So at this stage we now have an event that is going to fire when the game starts playing, we have a function we want to call that sets the view of the selected object, and we have two object references, our camera and our player controller.  Everything we need, now we just have to wire them up!

 

You may notice that the Event Begin Play node has a white play icon on it’s left.  This means that this node executes something.  You may then notice that the Set View Target with Blend has the same icon on it’s left and right.  The left icon indicates that it can be executed, while the right one means it can execute something else.  Connecting these nodes together is how you make your program do something.

 

At the same time you may notice the Get Player Controller and CameraActor8 nodes both have a blue return value connector on their right hand side.  If you are a programmer, you can think of this as the return value from that node.  As mentioned earlier, the Set View Target with Blend function has a number of connectors down the left, these are the inputs it accepts.  As you can see, they are nicely colour coded, so you can see (by default) what works with what.  Now its simply a matter of wiring everything up.  Simple drag the click and drag between pins you wish to connect like so:

9

 

When you make a new Blueprint, or make changes to an existing one, you have to compile, you can tell by the ? mark over the compile button:

image

 

Assumiing everything went ok, you should now see:

image

 

If you want to test the program flow of your new Blueprint, you can hit the Simulate button and you can see how data will be changed as the program executes.

 

Hit the simulate button:

image

 

And you should see:

10

 

Obviously in much more complicated workflows, this simulation is much more useful.

 

Now when we run out game, our camera will be set active when the game starts.  Congratulations, you just created your first blueprint!

 

Click Play and you should see:

image

 

Adding the Hello to Hello World

 

We are almost to the end.  One final thing we need to finish our application is well… Hello World.

 

Adding text to Unreal is extremely easy.  In the Modes panel, enter “text” in the search field and select Text Render:

image

 

Drag one into your scene.  Then in the details, set the Text to Hello World, like so:

image

 

Your scene should now look something like this:

image

 

Now when you run it:

image

 

Congratulations!  We have now finished our first ever Unreal Engine application!

 

There is one last very important thing to discuss before we finish here.  When you added the Hello World text to your game, there is a very good possibility that it didn’t show up when you press play.  This is because of the drawing order in your 2D game.  While 2D games don’t have depth, they do have drawing order and this is important to determine what is drawn on top of what.  In this case the Hello World text needs to be closer to the camera than the background, or the background will be drawn over top of it.  It’s probably easiest to understand this if we look at the scene in 3D:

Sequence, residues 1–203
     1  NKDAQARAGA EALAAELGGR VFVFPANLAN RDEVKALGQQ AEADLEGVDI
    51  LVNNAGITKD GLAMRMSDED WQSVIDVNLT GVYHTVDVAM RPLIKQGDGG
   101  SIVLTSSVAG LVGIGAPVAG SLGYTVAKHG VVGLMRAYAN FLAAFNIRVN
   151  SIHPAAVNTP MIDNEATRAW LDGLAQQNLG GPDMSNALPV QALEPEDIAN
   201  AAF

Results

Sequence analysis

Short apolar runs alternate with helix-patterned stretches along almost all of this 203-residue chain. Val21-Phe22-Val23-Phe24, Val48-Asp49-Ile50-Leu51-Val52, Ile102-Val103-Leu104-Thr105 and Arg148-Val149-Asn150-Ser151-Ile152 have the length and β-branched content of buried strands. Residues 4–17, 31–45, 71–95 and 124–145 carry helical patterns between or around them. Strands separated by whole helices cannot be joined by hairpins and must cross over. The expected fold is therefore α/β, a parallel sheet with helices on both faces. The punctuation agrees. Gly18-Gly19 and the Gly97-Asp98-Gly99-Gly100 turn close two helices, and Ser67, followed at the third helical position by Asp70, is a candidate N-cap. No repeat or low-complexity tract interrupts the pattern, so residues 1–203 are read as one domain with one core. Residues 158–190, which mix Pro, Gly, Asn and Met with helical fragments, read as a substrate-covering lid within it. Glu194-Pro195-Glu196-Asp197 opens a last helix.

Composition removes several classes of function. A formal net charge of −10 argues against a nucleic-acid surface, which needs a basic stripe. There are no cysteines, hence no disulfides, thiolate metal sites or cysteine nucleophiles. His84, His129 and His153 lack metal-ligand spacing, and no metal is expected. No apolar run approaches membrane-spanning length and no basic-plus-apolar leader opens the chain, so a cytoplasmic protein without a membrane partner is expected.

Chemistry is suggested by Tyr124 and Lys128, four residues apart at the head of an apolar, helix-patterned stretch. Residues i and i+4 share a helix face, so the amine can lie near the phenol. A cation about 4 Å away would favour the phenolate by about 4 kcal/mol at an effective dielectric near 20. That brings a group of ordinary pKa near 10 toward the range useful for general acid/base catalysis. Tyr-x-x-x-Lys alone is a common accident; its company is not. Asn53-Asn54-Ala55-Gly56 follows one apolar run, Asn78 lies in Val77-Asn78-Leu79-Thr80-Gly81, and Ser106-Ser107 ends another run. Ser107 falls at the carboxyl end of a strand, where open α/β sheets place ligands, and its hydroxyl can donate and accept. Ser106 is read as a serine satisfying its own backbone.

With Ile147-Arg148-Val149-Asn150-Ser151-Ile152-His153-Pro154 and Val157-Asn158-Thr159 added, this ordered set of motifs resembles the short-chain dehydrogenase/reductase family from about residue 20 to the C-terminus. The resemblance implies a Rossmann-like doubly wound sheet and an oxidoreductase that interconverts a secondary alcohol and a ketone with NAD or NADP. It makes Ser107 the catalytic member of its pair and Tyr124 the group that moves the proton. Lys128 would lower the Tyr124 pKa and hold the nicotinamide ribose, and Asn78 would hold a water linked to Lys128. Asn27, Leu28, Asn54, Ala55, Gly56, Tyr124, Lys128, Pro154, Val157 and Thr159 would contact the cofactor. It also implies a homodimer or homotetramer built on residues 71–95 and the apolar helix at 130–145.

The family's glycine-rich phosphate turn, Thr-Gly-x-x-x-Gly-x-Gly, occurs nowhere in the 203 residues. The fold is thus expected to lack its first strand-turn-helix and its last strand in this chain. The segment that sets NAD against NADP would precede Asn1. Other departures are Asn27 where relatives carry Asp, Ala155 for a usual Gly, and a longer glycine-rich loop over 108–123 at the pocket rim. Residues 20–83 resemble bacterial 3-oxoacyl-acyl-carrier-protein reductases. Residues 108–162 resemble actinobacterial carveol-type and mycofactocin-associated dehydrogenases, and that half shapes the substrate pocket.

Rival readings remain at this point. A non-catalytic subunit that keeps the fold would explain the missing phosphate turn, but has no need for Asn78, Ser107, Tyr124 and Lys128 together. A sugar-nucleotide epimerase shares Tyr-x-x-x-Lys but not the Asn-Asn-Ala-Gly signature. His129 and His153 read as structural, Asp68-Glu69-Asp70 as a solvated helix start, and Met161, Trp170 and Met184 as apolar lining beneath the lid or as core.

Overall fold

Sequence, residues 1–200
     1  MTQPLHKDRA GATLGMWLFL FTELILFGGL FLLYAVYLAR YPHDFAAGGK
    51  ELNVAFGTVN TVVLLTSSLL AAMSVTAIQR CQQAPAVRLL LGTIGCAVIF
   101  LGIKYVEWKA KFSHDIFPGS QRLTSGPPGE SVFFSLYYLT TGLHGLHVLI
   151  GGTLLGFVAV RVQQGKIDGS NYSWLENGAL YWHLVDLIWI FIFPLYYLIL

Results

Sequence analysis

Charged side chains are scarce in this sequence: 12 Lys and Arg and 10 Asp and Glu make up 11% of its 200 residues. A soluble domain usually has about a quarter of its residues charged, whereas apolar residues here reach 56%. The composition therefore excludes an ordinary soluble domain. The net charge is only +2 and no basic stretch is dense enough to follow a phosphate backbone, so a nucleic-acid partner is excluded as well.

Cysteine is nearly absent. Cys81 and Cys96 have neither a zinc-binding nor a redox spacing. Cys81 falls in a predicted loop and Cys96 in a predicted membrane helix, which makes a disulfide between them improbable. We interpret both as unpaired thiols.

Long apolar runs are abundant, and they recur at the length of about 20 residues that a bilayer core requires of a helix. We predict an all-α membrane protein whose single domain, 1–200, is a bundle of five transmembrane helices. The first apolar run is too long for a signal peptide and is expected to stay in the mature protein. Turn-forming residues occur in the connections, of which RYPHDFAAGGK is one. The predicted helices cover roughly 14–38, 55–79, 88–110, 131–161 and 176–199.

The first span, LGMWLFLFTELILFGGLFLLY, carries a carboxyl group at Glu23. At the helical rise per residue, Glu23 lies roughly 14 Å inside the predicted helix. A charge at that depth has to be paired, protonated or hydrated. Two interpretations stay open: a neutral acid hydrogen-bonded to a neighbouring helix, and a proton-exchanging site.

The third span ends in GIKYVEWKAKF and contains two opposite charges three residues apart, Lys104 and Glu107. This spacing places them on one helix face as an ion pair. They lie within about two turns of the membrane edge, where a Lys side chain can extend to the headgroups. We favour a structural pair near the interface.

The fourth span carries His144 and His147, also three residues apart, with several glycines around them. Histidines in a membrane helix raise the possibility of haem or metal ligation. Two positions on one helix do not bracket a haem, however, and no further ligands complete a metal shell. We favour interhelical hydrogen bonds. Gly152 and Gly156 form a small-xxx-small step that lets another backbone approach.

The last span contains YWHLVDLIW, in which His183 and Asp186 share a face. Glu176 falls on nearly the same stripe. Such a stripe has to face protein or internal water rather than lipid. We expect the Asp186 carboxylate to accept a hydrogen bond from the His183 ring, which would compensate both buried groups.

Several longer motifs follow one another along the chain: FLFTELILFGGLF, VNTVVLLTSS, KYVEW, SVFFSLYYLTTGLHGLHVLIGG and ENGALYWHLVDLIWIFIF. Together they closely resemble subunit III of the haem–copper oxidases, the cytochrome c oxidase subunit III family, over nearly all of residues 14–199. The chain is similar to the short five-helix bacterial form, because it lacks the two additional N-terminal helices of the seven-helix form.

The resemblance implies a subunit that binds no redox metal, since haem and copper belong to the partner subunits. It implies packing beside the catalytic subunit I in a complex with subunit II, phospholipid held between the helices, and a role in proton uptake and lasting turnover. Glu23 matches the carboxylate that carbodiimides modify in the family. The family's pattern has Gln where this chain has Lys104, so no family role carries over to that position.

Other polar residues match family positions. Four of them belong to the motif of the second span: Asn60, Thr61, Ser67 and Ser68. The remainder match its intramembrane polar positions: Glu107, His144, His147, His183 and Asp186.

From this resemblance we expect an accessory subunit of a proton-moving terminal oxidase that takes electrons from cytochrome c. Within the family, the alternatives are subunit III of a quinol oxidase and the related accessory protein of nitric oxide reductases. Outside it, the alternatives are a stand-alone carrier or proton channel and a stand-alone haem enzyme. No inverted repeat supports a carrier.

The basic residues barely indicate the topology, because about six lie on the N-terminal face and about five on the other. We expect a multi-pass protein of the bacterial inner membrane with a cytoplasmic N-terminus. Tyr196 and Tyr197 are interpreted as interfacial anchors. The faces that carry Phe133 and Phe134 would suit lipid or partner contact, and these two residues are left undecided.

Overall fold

image

In practical terms, this means that things that need to be drawn over other things need to have a higher value on the Y axis.  In this case our background image is drawn at y=0, while the Hello World text is drawn at Y=70.

Which way is up?

This is an important and difficult to understand concept about Unreal engine, especially when working in 2D.  You are probably used to X being left/right and Y being up/down, but that isn’t the way it works in Unreal, and that is because Unreal is a 3D engine and chose a Z-up coordinate system.  This means that Z represents up and down on your screen, and Y represents depth or in/out if you could put your hand into the screen.  Different applications use different coordinate systems and converting between them is common place.  Often it’s simply a matter or rotating things 90 degrees.

 

Conclusion

 

We covered a fair bit there, I hope that was useful.  We however did not cover Character Controllers, and the reality is, you generally will create a character controller which controls the camera.  We also didn’t cover game modes, we will be covering both of these topics shortly!  So while we didn’t do anything “wrong” in this example, keep in mind you generally will do things slightly differently in the end.

 

Finally, if when you press play you are seeing a circle drawn in front of your scene, don’t worry, this is the default pawn being drawn, another topic we will discuss shortly, and something that is easily removed.

Programming , ,

blog comments powered by Disqus

Month List

Popular Comments